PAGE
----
Understanding the wage garnishment process in Mississippi

Understanding how wage garnishment works in Mississippi is key to avoiding the process.

If, for whatever reason, you fall behind on your debts, one of the means that creditors have of obtaining payment from you is wage garnishment. Garnishment is an order from a court that requires your employer to withhold a certain percentage of your wages from your paycheck in order to be applied toward your debt. As garnishment is a commonly used tool against employed debtors, it is important to understand its limitations and how it can be avoided.

When can garnishment occur?

Under Mississippi law, in most cases, your wages cannot be garnished out of the blue without you knowing about it. In order to garnish your wages, your creditor must first sue you in court and obtain a judgment against you. Once the creditor has the judgment, he or she may seek an order of garnishment.

However, there are limited cases where creditors do not first have to obtain a judgment. Under the law, if you owe income taxes, child support or student loans, creditors holding these debts may garnish your wages without first taking you to court.

Limitations on garnishment

If your wages are being garnished, the law limits how much may be garnished at a time, so you have enough left over for living expenses. Under Mississippi law, for each workweek, creditors may garnish only 25 percent of your disposable earnings or the amount that your wages exceed 30 times the federal minimum wage, whichever is less. Under the law, "disposable earnings" means the portion of your wages left over after your employer has made deductions for taxes and other expenses required by law.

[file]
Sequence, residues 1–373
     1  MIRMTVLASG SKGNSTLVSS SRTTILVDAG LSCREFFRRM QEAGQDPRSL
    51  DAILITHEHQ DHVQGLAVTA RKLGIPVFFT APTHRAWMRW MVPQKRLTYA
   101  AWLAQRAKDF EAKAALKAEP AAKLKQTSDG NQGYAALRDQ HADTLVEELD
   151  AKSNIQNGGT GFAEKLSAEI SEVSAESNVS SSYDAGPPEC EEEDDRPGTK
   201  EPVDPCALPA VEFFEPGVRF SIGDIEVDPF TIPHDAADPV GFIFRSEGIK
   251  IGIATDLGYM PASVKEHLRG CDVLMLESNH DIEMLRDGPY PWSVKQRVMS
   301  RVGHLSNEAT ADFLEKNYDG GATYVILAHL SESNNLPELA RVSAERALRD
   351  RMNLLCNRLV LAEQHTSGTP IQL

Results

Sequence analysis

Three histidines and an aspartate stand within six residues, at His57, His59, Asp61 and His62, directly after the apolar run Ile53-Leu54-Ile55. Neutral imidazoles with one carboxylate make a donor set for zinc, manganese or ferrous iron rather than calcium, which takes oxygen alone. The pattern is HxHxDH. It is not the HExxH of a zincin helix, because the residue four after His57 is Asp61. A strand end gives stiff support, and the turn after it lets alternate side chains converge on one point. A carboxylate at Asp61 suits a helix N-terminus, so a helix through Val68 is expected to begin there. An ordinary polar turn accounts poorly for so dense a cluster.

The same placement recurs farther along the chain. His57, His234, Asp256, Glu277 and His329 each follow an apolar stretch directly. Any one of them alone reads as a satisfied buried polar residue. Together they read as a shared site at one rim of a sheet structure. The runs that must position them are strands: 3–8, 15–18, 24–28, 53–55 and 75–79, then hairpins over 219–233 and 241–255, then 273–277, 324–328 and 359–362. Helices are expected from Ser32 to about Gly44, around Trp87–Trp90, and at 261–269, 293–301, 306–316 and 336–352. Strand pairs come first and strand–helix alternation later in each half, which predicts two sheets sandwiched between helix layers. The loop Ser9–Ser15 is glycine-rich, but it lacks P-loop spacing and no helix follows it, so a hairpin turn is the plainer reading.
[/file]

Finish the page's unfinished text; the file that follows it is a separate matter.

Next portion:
Under the law, if more than one creditor is garnishing your wages, the maximum amount that may be taken from your paycheck is 25 percent.

In addition, Mississippi law also provides debtors with a grace period once a garnishment order has been obtained. Under the law, creditors are prohibited from garnishing your wages for 30 days after you receive notice of the order.

Stopping garnishment

Garnishment is a headache for both you and your employer. Although the law protects you from losing your job if your wages are being garnished by one creditor, the protection does not extend to more than one. Fortunately, garnishment can be avoided. Some creditors may allow you to negotiate a payment plan with them in lieu of garnishing your wages. However, if you do not have the funds available to make the payments (or if the creditor refuses to work with you), bankruptcy is often the best option.

On the day that it is filed, bankruptcy stops garnishment and other debt collection processes. During the bankruptcy process, most of your debts, including the debts that brought the garnishment order, are discharged. Once discharged, you are no longer under any obligation to repay them. At the conclusion of bankruptcy, you can begin a new financial life again, free of most of your former debts.

If you are facing the threat of garnishment for a debt, bankruptcy may or may not be the best course of action, depending on your situation. An experienced bankruptcy attorney can advise you on the best way to proceed.

Keywords: bankruptcy, wage garnishment